Critics worry of Indiana Toll Road spending cuts

FILE - In this May 30, 2007 file photo, vehicles pay tolls as they enter the Indiana Toll Road near Angola, Ind. The state agency that oversees the Indiana Toll Road has given the tollway's private operator until late November 2014 to show that it's meeting its obligations to lenders amid reports the company may sell its toll road lease as part of a possible bankruptcy filing. (AP Photo/Joe Raymond, File)

SOUTH BEND, Ind. (AP) — Critics of privatizing the Indiana Toll Road said they are worried that the operator’s bankruptcy filing this week will result in less money being spent on the highway.

Chicago-based ITR Concession Co. is seeking to sell the toll road lease to a new operator, saying in its filing to the U.S. Bankruptcy Court in Chicago that it can’t afford the debt payments from the 2006 deal under which its parent company, the Spanish-Australian consortium Cintra-Macquarie, paid Indiana $3.8 billion for the rights to run the highway and keep the toll revenue.

Democratic state Sen. John Broden of South Bend, who voted against the lease deal in the Legislature, said Monday he doesn’t believe assurances that the bankruptcy won’t mean any significant changes to the highway’s operations.

“If someone buys this they are going to immediately be confronted with the question of how can we run this thing cheaper?” Broden said. “They are going to look for cost savings and cost savings are going to come in the form of fewer employees.”

ITR now has about 220 full-time and 60 part-time employees for its operations running the 157-mile tollway crossing northern Indiana, according to the bankruptcy filing.

Republican Gov. Mike Pence said Monday he expected “business as usual” on the highway despite the bankruptcy filing.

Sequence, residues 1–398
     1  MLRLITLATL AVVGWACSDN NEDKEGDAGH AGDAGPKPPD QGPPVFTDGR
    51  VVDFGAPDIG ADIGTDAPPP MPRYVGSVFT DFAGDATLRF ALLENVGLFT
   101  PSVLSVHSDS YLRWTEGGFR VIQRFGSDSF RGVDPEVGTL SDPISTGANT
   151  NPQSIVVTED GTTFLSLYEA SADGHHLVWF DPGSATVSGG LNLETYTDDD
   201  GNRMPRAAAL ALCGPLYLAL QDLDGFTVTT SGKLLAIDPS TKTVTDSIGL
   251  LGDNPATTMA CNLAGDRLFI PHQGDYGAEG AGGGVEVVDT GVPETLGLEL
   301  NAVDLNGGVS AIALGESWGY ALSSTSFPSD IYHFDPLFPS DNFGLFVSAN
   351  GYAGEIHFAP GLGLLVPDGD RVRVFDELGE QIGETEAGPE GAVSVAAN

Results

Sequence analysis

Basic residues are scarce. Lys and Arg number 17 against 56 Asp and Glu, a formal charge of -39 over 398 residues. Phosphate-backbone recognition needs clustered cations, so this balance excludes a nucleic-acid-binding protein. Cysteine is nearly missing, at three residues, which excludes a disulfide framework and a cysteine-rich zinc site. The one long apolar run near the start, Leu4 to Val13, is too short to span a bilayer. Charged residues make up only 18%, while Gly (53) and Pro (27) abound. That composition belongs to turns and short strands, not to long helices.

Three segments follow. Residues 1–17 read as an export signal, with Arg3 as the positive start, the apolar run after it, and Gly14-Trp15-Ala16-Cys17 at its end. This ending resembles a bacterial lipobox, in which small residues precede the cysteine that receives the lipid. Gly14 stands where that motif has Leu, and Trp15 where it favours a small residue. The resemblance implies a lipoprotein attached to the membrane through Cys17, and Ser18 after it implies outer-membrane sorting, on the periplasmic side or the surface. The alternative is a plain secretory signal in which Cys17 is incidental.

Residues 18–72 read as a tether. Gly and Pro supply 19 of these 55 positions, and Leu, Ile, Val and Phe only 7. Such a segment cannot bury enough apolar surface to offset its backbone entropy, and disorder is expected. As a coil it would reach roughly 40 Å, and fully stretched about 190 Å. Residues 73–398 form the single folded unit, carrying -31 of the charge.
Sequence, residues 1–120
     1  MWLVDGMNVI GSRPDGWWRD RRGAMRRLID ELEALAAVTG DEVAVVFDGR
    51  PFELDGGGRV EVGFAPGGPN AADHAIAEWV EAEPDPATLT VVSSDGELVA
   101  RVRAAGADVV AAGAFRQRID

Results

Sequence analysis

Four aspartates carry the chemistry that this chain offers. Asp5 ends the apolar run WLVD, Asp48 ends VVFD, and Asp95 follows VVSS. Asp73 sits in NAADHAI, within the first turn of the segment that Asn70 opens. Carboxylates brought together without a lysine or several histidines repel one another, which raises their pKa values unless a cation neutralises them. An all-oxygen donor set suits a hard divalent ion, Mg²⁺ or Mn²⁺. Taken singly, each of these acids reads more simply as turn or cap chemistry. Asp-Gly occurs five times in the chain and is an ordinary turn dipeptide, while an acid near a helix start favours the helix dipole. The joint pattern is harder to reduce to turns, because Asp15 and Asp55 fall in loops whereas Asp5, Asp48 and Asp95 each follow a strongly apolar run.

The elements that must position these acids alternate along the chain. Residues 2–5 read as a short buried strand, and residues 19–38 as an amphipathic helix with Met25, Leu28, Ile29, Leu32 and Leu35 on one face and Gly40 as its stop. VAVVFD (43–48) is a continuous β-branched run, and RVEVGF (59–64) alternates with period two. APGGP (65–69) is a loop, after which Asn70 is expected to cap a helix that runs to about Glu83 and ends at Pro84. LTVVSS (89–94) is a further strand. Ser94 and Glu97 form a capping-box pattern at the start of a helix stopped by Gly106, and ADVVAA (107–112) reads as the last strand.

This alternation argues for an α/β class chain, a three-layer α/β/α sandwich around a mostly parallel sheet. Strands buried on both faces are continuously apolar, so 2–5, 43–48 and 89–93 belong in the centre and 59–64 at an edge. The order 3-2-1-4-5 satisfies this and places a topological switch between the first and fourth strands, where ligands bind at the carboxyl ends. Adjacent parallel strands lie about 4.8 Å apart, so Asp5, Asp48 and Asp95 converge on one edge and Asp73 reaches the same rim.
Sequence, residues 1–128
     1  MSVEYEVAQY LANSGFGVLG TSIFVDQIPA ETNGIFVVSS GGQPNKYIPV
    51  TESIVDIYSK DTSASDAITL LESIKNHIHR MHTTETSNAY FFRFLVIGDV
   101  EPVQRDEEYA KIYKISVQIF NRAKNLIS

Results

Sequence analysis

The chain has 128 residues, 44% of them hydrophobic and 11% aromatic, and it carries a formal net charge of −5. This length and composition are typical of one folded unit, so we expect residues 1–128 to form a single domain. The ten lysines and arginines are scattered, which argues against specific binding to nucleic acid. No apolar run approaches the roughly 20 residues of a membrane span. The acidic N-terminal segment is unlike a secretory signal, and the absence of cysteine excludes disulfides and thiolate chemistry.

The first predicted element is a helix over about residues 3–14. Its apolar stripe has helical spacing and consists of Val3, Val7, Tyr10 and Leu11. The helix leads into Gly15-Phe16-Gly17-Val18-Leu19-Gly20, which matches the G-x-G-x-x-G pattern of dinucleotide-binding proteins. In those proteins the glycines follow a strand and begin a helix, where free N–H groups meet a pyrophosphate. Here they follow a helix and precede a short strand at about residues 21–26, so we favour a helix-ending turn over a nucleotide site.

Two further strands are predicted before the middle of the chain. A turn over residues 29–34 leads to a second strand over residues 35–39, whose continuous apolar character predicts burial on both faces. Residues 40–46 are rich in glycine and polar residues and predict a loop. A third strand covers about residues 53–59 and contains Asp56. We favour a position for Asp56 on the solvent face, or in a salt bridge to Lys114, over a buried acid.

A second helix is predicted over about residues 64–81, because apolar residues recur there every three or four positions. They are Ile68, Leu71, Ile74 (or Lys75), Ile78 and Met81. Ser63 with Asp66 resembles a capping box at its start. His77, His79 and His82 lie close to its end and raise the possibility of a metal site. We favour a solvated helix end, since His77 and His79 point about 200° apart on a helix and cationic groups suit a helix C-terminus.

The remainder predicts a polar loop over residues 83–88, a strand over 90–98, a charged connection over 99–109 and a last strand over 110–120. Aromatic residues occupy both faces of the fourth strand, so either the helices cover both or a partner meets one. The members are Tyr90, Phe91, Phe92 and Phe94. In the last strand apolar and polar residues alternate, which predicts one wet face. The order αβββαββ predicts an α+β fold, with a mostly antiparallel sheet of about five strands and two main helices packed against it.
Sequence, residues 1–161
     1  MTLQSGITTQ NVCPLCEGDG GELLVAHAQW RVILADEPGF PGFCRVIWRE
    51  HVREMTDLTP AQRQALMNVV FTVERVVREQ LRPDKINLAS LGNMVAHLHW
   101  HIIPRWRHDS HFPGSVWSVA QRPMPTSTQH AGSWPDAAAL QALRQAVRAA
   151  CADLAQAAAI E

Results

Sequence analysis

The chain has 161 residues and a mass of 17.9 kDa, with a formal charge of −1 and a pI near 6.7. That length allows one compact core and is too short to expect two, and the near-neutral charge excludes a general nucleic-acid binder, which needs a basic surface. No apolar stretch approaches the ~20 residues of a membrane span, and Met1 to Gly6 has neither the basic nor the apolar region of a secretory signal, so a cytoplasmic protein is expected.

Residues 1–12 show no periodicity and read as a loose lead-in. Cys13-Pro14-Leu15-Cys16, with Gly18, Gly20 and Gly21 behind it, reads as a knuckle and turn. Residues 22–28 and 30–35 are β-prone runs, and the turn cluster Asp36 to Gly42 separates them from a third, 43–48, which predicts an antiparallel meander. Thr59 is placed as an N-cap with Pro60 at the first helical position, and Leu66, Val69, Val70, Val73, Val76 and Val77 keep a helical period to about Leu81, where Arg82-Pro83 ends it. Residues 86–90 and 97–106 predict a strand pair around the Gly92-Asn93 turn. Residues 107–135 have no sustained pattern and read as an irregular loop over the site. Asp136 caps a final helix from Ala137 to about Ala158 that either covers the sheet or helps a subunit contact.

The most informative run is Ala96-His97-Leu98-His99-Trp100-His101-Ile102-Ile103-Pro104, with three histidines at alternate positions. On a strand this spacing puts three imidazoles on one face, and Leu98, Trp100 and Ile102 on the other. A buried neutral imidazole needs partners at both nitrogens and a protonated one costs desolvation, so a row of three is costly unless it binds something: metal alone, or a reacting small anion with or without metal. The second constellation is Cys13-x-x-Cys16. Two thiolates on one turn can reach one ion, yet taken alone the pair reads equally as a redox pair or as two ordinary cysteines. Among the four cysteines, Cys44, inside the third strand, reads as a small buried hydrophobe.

ITR said its financial trouble originated from the 2008 recession leading to a drop in interstate trucking, a major source of revenue for the highway. The company said it collected $196 million in toll revenues last year while making $193 million in debt payments. ITR failed to make a $102 million interest payment that was due in June.

ITR spokeswoman Amber Kettring said any new operator would have to follow the requirements for highway maintenance and operations set out in the 75-year lease and its restrictions on changes to toll rates.

“They are limited to the formula that we have to use,” she said. “So we can’t just arbitrarily raise rates.”

Shaw Friedman, an attorney from LaPorte, said he believed state officials should intervene on behalf of residents in the bankruptcy case.

“The state’s interests are certainly not represented by the hedge funds, banks and lienholders,” said Friedman, a former general counsel of the state Democratic Party.

John Letherman, president of northern Indiana’s Elkhart County Council, said he still believed then-Gov. Mitch Daniels got “a great deal” for the state with the toll road lease and that ITR’s bankruptcy won’t make much difference to the typical traveler.

Any potential buyer will likely take over the debt from the ITR investors “at a discount,” said Letherman, a governor’s appointee to the Indiana Toll Road Oversight Board. “Some people win and some people lose in a free economy.”

 

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